The term “food insecure” is not a familiar part of our culture’s vocabulary, but it is a regular part of the conversation at the Ventura County Area Agency on Aging (VCAAA).
The team of dietitians that are part of the VCAAA’s Senior Nutrition Program focused their time on developing class curriculum, recipes, and other resources for healthy eating on a budget long before the COVID-19 crisis began – all while recognizing that the populations served often face food insecurity, meaning they have limited or no access to regular meals, much less healthy meals.
With a special focus on the nutritional needs of older adults in particular, the team is dedicated to identifying gaps in daily intake and addressing those needs with resources made available through the various elements of the Senior Nutrition Program. Prior to COVID-19, home delivered meals were offered to older adults who are unable to leave their home, while congregate meal services were offered through 11 community meal sites throughout Ventura County with no cost requirement other than a suggested donation of $3 per meal. But the COVID-19 crisis exacerbated the gaps in services and resources for many communities throughout the country, with few populations hit harder than older adults.
The VCAAA immediately identified the fact that stay-at-home orders and restaurant closures meant the people who depended on VCAAA’s home delivered and congregate meal services, and even those who had never been part of the program, were going to need access to food more than ever before. As a result, the VCAAA expanded its existing pantry to include a much larger COVID-19 Food Pantry that brought two or more weeks-worth of food safely to the homes of some of Ventura County’s most vulnerable residents. Partnerships with dozens of locally owned restaurants and World Central Kitchen have offered daily deliveries of high-quality restaurant meals. In total, the VCAAA has served nearly 3.6 million meals since March 2020.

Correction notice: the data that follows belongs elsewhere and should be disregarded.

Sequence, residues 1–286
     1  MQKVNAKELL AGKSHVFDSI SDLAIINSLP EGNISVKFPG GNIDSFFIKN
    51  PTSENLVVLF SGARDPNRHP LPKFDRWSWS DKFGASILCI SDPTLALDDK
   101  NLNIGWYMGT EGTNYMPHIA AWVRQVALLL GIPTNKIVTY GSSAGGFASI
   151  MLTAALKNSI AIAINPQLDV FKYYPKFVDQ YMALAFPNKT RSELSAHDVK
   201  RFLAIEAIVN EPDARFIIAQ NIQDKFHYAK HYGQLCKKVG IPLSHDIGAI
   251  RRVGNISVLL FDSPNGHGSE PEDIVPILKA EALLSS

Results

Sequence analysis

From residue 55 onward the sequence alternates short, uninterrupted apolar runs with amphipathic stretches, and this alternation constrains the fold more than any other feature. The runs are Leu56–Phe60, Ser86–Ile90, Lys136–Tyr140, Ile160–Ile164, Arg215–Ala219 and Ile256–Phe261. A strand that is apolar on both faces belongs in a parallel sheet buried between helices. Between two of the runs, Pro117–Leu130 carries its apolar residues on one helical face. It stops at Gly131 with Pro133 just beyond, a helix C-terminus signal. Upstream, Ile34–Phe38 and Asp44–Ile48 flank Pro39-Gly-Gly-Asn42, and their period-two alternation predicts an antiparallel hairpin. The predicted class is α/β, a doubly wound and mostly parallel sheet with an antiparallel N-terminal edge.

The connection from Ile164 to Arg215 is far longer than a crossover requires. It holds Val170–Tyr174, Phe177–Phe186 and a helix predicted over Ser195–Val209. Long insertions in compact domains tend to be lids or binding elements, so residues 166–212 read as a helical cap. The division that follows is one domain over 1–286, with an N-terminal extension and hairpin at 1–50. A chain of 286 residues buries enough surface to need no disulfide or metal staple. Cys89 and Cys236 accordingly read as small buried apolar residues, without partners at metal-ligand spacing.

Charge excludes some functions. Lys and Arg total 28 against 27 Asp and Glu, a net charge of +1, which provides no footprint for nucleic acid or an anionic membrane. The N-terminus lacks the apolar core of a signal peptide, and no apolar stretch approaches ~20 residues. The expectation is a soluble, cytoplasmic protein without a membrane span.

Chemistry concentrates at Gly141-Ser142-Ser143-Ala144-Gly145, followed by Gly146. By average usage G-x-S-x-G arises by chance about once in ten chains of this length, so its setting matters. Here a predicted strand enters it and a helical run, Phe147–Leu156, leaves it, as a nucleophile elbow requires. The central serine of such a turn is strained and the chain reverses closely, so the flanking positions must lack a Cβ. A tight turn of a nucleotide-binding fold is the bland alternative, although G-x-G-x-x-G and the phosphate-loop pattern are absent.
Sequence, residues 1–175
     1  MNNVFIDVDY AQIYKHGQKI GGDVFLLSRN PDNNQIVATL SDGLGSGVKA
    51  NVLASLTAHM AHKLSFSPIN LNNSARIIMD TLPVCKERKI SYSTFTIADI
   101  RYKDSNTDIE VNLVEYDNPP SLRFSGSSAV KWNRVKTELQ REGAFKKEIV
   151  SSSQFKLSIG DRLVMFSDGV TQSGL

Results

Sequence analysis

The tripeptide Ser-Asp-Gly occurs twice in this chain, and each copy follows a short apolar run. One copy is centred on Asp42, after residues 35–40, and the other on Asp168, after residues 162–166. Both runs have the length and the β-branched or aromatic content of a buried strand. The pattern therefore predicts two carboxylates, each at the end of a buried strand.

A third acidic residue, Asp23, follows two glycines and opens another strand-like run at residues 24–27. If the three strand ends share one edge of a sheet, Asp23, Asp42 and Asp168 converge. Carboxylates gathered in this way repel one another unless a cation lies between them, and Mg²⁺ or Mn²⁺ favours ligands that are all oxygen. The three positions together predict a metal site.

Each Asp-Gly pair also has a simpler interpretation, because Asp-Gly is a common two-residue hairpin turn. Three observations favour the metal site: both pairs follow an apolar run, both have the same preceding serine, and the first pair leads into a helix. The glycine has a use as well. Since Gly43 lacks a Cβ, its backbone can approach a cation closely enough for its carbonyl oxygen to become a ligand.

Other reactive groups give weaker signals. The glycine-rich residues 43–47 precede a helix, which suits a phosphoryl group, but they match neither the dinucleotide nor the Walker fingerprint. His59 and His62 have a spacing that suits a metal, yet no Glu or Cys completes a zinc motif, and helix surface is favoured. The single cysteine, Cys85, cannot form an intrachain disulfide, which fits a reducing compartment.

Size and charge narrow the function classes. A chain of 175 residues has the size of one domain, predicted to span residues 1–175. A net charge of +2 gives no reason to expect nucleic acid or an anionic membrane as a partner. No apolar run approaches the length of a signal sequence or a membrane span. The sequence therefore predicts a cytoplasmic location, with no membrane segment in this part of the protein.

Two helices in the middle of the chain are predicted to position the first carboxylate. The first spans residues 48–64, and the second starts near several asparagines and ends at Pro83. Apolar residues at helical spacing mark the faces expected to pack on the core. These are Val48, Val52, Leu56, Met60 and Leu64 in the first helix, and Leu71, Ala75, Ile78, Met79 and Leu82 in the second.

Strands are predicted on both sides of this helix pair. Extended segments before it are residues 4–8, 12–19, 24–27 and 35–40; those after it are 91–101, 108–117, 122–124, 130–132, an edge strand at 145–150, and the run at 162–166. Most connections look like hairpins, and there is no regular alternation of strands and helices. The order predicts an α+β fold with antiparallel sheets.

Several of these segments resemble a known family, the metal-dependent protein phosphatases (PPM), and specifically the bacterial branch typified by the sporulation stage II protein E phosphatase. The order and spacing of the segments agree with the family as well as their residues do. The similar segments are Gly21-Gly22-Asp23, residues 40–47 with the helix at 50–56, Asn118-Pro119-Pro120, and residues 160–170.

While the demand for food and meal resources increased, so did the need for the educational components of the Senior Nutrition Program. In response, the VCAAA transitioned the once in-person education-based nutrition classes and individualized counseling to the virtual platform via Zoom and telephone. Aimed at arming older adults with the information and resources needed to eat healthy on a budget, classes and individualized nutrition counseling focus on all topics of concern, including high blood pressure, increased cholesterol, diabetes, heart disease, and more. Recipes developed and shared by VCAAA dietitians are created with a fixed budget in mind, and are affordable to people of all income levels.
Classes currently offered each month include EatFresh.org and Eat Smart, Live Strong. There is also a “bonus” class offered monthly that focuses on a unique topic. For April, that class will focus on “How to Build a Healthy Plate.”
All classes and nutritional counseling are open to people 60 and older and are offered at no cost to participants. To learn more about current class offerings, visit www.vcaaa.org. For more information, or to register for a class, call (805) 477-7300 or e-mail Christal.Greenlaw@ventura.org.